An interesting element to any role-playing game is character alignment (a character’s basic sense of morality); though, Obsidian takes character interaction a little further with the addition of character background, an element that has not surfaced before in electronic gaming. Characters may be aligned as good, neutral, or evil, with three degrees to each set (lawful, neutral, and chaotic). A character’s alignment impacts how non-player characters (NPCs) interact with your hero. Alignment also impacts what classes you may play as certain classes, like the Monk, require a certain alignment, in this case, lawful. Players are asked, during character creation, to select a background from six different choices, with the additional no background option, which slightly impacts how the people who know your character view him, and also grants special bonuses and penalties to your character’s skills.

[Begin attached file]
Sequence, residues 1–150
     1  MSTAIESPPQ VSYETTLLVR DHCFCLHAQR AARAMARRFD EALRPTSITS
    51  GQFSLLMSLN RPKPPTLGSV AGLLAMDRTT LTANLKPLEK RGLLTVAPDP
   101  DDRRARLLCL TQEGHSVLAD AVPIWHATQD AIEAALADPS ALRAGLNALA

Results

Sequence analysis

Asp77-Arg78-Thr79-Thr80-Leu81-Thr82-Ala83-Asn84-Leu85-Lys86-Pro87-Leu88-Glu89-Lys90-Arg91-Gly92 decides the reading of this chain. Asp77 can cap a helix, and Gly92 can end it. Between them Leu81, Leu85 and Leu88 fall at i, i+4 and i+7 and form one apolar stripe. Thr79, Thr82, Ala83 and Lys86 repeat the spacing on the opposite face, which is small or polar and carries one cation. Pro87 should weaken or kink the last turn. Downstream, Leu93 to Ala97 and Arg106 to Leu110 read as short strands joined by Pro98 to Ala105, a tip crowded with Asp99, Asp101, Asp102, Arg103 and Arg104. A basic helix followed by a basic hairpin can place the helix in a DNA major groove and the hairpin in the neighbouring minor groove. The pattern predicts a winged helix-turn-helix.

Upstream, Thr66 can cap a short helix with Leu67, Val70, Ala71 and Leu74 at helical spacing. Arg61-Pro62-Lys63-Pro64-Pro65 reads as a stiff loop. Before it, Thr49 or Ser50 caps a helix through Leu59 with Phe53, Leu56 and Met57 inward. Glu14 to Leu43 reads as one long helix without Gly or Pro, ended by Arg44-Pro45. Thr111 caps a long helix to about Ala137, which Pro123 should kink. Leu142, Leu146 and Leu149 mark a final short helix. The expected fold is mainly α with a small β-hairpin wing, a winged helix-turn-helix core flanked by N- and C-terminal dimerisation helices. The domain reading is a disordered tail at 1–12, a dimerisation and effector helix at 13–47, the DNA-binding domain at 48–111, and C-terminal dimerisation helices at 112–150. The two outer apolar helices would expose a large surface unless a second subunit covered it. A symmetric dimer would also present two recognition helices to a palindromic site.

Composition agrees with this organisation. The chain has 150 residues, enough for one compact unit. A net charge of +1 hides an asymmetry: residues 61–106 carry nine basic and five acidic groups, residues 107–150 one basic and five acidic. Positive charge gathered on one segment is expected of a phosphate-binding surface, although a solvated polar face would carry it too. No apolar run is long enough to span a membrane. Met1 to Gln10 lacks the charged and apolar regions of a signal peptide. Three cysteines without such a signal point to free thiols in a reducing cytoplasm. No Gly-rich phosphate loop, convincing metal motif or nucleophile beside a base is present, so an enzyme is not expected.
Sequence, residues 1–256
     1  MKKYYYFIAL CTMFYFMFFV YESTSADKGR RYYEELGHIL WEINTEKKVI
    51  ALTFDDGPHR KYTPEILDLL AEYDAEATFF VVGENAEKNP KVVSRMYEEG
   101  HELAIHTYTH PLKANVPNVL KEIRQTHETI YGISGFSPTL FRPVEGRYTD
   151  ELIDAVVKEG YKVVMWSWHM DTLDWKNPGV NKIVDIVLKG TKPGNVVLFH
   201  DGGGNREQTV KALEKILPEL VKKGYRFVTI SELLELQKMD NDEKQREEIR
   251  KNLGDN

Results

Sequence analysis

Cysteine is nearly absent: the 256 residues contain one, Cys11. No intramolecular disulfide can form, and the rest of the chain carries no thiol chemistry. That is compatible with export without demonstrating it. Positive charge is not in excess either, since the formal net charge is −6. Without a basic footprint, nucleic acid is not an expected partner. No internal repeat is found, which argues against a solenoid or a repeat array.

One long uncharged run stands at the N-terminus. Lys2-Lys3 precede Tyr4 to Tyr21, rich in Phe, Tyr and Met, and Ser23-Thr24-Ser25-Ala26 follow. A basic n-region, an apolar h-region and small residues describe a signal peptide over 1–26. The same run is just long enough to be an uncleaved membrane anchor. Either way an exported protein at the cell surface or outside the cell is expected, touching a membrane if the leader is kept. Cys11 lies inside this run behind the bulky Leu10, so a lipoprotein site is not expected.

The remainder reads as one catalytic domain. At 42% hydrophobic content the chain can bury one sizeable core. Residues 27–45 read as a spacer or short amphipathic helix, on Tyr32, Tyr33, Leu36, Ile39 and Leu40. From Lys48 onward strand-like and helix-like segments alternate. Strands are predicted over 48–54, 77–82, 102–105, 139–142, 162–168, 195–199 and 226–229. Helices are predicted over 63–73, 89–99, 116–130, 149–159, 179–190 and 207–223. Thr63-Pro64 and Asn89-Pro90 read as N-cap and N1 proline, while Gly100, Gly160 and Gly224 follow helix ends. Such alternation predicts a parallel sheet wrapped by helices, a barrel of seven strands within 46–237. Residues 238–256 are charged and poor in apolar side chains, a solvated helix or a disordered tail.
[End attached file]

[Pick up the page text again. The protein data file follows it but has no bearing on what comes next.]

More information.

Dhruin December 27th, 2006 00:11

NWN2 deserves a lot of the flack it gets but I wish reviewers would take the time to check a few details. Feargus Urquhart was with BioWare? It's almost 10 years since NWN? There's nothing else to do with NWN2 once you've finished the linear campaign (HELLO reviewer! Are you awake in there?) ? Backgrounds have never been seen before in gaming?

Acleacius December 27th, 2006 01:17

Don't forget this gem.
"Obsidian takes character interaction a little further with the addition of character background, an element that has not surfaced before in electronic gaming."

Heellooo. ;)

Kalia December 27th, 2006 01:59

Apparently that guy's just not all there. Sorta shoots their credibility in the foot, eh?

Corwin December 27th, 2006 03:14